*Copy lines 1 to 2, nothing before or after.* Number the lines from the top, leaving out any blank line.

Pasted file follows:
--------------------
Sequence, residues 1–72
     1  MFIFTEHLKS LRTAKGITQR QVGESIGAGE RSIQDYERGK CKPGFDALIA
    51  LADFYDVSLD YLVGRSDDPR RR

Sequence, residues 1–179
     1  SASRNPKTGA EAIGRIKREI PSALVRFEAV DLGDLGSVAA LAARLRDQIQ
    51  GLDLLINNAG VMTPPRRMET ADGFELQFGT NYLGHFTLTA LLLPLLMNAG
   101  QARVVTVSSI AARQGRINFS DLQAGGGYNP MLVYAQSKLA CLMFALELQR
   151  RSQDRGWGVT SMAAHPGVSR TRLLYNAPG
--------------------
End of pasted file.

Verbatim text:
Sequence, residues 1–72
     1  MFIFTEHLKS LRTAKGITQR QVGESIGAGE RSIQDYERGK CKPGFDALIA